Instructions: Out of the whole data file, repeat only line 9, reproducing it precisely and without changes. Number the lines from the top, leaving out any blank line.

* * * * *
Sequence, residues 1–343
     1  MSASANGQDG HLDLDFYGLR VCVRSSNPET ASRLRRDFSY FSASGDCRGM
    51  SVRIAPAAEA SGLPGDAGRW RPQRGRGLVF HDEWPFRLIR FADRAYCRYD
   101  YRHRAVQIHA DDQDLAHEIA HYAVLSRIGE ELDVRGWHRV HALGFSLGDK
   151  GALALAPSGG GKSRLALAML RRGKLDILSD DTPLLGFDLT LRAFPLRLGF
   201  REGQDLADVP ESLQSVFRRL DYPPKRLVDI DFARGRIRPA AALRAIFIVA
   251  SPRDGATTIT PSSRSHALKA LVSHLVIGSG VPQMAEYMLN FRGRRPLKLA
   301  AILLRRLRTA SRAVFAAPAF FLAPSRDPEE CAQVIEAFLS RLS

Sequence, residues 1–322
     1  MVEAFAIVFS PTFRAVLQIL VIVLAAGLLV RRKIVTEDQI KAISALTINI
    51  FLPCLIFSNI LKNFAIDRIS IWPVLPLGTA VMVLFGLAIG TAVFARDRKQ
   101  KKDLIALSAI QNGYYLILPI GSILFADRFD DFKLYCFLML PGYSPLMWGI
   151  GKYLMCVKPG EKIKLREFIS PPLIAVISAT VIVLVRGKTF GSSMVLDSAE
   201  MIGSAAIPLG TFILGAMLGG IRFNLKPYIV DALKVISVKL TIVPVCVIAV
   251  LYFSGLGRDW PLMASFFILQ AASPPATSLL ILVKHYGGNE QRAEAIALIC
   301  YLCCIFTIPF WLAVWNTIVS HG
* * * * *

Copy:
Sequence, residues 1–322